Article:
Go Beneath the Surface on a Voyage of Discovery
Become a certified scuba diver through a course in our Dive Tank, one of the most exciting dive attractions in the 1000 Islands!
Stay tuned to our Calendar of Events for dates/times we will offer certification classes!
Learning to freshwater scuba dive opens up a whole new way to explore the St. Lawrence River and 1000 Islands. In our Dive Tank, certified instructors will lead you through all the basics of scuba diving that you’ll need to obtain your independent diving license. In this deep, pool-like tank, you’ll become familiar with using your scuba equipment, navigating underwater and following safety procedures. Once you’ve mastered the Tank, you and your instructor will head out to open water to practice your new skills in the local St. Lawrence River underwater environment.
There’s no better place to learn scuba diving than in the many freshwater shipwrecks and other dive attractions in the 1000 Islands. Our region offers the world’s best freshwater diving, with visibility of up to 70 feet!
Beneath the surface of the St. Lawrence River, you’ll explore the diverse life that populates in the underwater mountain range of the 1000 Islands. These billion-year-old peaks provide an amazing seascape of granite walls and 100-foot chasms to explore. And thanks to the cold, fresh water of the St. Lawrence River, over 200 shipwrecks are preserved in the area. Some date all the way back to the War of 1812! The many shipwrecks present a variety of dives at various levels for anyone who wants to explore one of these amazing time capsules, some of the most visited attractions in the 1000 Islands.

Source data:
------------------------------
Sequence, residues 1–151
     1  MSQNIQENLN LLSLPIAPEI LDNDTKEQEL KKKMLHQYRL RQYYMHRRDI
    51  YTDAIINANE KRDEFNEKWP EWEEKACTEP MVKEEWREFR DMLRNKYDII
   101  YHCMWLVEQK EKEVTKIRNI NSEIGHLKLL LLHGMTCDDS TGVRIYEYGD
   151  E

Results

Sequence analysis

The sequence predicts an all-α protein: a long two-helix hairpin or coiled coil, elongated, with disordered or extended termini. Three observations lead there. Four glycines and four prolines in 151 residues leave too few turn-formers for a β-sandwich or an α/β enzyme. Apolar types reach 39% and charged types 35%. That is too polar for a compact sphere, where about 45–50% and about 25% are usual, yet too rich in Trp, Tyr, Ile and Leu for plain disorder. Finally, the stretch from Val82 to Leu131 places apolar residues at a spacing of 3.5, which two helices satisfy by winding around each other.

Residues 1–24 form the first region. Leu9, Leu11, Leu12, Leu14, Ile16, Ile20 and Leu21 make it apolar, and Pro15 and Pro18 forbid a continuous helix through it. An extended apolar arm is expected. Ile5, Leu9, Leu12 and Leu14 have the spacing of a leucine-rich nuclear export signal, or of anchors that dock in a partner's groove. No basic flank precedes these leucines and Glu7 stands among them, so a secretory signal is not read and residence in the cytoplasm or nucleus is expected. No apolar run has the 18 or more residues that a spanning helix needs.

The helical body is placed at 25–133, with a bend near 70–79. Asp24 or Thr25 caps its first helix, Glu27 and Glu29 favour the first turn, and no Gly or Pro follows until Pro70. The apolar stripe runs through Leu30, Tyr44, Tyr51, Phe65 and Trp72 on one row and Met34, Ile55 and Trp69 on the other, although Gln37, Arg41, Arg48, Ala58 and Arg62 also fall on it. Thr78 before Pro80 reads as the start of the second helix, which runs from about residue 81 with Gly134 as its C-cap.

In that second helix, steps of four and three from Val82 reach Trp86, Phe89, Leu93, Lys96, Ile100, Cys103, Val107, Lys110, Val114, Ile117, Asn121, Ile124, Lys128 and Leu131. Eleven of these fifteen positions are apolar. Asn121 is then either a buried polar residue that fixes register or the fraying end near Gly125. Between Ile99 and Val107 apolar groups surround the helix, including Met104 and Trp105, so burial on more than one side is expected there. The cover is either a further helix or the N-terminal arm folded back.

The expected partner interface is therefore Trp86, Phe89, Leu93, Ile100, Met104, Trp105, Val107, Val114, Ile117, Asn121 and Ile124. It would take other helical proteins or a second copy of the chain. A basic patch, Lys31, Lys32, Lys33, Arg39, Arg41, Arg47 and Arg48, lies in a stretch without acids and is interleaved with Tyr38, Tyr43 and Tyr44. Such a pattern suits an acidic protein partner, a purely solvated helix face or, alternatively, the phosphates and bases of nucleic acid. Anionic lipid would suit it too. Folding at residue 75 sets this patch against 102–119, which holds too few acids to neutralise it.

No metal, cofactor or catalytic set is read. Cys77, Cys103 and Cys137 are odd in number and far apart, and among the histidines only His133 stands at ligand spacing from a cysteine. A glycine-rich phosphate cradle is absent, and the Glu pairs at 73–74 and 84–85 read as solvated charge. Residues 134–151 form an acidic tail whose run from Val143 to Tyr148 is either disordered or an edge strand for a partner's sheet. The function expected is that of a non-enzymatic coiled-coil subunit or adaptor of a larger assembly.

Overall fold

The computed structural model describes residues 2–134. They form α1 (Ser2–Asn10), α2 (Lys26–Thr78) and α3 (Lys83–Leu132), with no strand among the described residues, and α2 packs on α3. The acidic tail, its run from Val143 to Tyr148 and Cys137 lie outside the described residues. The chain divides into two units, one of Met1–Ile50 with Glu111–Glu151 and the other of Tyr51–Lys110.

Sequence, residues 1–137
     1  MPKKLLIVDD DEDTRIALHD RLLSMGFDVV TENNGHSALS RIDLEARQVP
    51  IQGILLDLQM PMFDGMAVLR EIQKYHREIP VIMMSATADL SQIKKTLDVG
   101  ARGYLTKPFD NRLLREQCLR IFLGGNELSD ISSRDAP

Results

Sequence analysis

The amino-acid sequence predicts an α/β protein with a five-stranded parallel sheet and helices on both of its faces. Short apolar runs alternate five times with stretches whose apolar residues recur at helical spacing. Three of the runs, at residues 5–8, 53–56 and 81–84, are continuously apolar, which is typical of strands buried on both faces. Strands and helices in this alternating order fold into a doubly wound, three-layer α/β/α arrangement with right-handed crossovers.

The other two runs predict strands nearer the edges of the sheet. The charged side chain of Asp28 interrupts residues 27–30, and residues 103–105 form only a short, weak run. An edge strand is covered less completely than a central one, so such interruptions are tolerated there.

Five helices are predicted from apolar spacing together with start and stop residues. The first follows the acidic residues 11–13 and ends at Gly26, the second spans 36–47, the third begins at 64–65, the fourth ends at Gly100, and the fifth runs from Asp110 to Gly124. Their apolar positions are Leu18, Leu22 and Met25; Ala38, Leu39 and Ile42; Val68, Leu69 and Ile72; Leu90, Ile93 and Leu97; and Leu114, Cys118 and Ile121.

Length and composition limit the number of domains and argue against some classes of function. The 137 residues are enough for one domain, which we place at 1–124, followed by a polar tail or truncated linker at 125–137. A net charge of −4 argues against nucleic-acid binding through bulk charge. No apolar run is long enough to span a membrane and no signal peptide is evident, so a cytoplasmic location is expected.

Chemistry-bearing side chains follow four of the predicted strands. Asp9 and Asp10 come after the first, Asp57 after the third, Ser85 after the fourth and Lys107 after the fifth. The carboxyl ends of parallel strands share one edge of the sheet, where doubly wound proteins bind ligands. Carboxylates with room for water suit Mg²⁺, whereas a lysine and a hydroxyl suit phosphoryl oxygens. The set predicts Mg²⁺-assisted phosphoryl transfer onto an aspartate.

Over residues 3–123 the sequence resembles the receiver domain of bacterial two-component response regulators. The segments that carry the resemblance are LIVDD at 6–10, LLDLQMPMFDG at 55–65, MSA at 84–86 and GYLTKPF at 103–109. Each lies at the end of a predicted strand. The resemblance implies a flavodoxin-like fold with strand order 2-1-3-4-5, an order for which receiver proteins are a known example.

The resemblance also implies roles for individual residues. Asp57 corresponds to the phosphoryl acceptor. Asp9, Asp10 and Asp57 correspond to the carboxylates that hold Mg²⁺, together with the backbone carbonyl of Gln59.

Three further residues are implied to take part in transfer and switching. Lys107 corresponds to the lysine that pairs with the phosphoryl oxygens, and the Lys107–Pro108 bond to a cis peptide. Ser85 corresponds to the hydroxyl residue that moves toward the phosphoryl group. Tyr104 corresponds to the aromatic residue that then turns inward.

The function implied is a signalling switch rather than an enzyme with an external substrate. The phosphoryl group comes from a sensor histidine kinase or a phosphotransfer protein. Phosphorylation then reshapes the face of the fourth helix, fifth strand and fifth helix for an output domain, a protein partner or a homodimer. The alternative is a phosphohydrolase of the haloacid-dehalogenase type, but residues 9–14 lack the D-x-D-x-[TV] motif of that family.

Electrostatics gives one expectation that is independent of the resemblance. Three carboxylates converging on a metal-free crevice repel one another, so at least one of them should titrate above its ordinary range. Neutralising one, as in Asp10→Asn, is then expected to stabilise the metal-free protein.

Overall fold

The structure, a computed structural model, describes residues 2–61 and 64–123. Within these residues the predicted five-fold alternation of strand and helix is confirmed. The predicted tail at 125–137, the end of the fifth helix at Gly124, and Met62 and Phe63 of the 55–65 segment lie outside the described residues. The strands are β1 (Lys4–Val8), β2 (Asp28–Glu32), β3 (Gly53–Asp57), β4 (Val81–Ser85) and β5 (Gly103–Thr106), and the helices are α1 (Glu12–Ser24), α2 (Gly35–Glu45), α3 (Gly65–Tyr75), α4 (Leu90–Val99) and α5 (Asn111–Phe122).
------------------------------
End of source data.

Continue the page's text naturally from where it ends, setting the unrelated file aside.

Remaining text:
For any questions, please email Thomas Harder at email@example.com.
Dive Tank Fast Facts:
- SCUBA stands for Self-Contained Underwater Breathing Apparatus, the system that allows you to dive and breathe underwater.
- The amazing visibility in the waters of the St. Lawrence River is a side benefit of an unfortunate influx of zebra mussels, an invasive species not native to our area.
- In a dive mask, objects underwater appear 33% larger than they do on land.